Soil conservation must be practiced at 2 levels - the individual stakeholder and public policy. Individual stakeholders can make a difference where they live. Public policy affects nations and international trade and commerce.
The Niger area is a very hot region of Africa with little rainfall. The area had intense soil erosion while also being heavily populated. The UN sponsored the Keita project in Niger to combat the effects of soil erosion. More than 18 million trees were planted and check dams were put up to stop rainwater sheet erosion and to provide soil and moisture to crops. A lot of the work was done by local women who were paid with food. The Keita project was a success, as the area went from being a desert-like environment to a flourishing environment with crops that provide both food and income for the local people. The local people also have ownership of their land, which is important for stewardship of local resources.
Individual landowners are subject to public policies, which affect soil conservation.
Initially, farm policy in the United States was only focused on increasing production. The government supports agriculture with numerous programs including large subsidies. However, when this goal was achieved with high yields and surpluses, the government continued to subsidize due to farm lobbyists who wanted to keep prices at the same level. However, subsidies encourage use of pesticides and fertilizers and undercut soil conservation goals.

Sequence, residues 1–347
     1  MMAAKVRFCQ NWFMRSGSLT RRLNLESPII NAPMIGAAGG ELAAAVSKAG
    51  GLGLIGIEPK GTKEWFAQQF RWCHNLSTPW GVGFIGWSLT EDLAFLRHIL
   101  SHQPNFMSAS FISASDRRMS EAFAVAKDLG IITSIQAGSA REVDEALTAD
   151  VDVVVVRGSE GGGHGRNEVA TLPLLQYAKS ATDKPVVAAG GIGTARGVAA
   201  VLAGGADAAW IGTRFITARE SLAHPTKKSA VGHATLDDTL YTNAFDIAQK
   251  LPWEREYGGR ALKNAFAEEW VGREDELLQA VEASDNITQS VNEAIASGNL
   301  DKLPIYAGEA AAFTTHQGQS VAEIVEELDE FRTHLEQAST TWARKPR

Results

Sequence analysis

The government has set up a program to study sustainable agriculture methods. Unfortunately, federal legislation such as the Farm Security and Rural Investment Act in 2002 and the Farm Bill of 2008 vetoed by President Bush but passed by Congress, has continued to support farm subsidies that benefit only the largest farms at the cost of soil conservation. To stop erosion, Congress passed the Conservation Reserve Program (CRP) in 1985 where erodible cropland could be saved as a conservation reserve of forest and grass. Individual farmers are paid annually for land placed in the reserve. In 2008, the Conservation Stewardship Program was passed to encourage farmers to voluntarily practice stewardships over their own lands with incentives to conserve soil and water. Public policy that encourages farmers to practice stewardship and conservation and to use sustainable practices still need to be developed and passed.